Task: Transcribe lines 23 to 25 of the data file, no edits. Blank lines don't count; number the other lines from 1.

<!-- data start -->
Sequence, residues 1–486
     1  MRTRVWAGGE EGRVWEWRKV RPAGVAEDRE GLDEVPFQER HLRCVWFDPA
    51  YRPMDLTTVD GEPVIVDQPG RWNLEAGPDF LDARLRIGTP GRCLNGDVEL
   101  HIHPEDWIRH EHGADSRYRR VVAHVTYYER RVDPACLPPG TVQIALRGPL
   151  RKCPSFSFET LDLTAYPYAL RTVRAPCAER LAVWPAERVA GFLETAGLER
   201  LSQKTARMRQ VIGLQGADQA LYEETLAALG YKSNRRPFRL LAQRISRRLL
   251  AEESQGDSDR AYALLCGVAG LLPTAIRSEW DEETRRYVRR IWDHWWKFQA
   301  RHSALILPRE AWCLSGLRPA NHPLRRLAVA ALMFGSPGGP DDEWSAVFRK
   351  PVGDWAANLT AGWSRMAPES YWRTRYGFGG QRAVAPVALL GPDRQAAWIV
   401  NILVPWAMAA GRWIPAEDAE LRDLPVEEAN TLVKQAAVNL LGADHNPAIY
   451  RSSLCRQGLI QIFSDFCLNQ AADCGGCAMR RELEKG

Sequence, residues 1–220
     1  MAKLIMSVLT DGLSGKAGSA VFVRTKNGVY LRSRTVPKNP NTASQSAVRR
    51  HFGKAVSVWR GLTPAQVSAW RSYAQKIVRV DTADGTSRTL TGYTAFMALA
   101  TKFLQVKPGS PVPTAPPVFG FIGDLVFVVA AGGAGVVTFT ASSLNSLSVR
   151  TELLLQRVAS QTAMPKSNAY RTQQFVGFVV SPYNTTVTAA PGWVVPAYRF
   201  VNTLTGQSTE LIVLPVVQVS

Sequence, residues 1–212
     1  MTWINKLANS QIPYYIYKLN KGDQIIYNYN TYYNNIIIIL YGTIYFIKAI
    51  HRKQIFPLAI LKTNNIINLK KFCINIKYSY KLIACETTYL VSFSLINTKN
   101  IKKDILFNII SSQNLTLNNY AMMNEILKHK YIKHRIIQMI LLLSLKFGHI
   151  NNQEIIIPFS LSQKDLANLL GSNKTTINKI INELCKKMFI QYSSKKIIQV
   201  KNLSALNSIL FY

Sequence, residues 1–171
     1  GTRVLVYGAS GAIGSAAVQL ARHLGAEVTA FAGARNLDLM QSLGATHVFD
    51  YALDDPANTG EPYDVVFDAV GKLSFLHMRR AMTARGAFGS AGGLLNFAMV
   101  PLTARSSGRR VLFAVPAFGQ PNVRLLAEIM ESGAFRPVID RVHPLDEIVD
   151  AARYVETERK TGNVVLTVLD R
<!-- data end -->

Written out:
   201  KNLSALNSIL FY

Sequence, residues 1–171
     1  GTRVLVYGAS GAIGSAAVQL ARHLGAEVTA FAGARNLDLM QSLGATHVFD